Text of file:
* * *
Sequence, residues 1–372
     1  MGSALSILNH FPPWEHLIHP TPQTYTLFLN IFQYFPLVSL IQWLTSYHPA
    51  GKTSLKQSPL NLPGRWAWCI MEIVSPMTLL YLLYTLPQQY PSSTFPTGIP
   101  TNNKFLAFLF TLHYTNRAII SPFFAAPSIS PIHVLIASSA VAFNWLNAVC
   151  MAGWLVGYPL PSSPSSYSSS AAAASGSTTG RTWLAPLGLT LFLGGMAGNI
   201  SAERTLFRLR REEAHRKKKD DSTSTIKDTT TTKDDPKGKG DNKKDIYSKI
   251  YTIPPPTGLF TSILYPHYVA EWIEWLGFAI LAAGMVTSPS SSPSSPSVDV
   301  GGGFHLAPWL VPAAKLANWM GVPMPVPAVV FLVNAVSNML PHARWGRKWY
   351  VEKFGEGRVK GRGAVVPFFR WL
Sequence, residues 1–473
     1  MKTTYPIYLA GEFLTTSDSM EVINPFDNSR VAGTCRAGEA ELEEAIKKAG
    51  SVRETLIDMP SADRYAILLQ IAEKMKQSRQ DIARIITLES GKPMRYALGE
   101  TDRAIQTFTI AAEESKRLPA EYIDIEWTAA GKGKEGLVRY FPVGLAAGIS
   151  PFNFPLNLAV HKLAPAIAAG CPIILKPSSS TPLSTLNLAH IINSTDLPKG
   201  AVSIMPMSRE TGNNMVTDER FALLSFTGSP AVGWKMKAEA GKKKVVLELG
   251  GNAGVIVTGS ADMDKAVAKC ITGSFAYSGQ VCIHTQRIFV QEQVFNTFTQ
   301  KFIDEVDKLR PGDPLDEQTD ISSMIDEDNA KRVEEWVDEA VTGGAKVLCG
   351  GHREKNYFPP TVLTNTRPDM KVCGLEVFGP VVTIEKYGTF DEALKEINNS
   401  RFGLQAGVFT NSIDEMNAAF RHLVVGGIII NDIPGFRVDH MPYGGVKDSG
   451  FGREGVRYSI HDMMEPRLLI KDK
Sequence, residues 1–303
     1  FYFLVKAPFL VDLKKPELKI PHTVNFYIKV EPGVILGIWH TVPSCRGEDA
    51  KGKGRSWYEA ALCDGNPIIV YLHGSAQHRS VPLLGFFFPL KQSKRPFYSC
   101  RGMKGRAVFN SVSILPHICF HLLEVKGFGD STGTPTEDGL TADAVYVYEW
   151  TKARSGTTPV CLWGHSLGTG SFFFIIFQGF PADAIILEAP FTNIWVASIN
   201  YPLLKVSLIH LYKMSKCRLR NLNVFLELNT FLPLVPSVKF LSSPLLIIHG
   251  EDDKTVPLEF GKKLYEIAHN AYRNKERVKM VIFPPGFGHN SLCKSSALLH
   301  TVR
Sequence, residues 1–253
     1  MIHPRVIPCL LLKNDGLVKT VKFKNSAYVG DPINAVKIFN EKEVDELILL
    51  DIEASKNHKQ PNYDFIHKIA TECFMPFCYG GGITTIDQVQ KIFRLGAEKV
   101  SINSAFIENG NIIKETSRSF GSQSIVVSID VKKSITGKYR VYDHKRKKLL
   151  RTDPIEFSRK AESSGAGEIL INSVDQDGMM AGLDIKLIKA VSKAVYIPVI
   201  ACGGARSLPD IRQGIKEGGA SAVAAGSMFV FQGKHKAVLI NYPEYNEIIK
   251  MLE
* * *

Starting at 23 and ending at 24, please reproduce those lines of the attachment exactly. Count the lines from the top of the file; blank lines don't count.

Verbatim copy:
    51  KGKGRSWYEA ALCDGNPIIV YLHGSAQHRS VPLLGFFFPL KQSKRPFYSC
   101  RGMKGRAVFN SVSILPHICF HLLEVKGFGD STGTPTEDGL TADAVYVYEW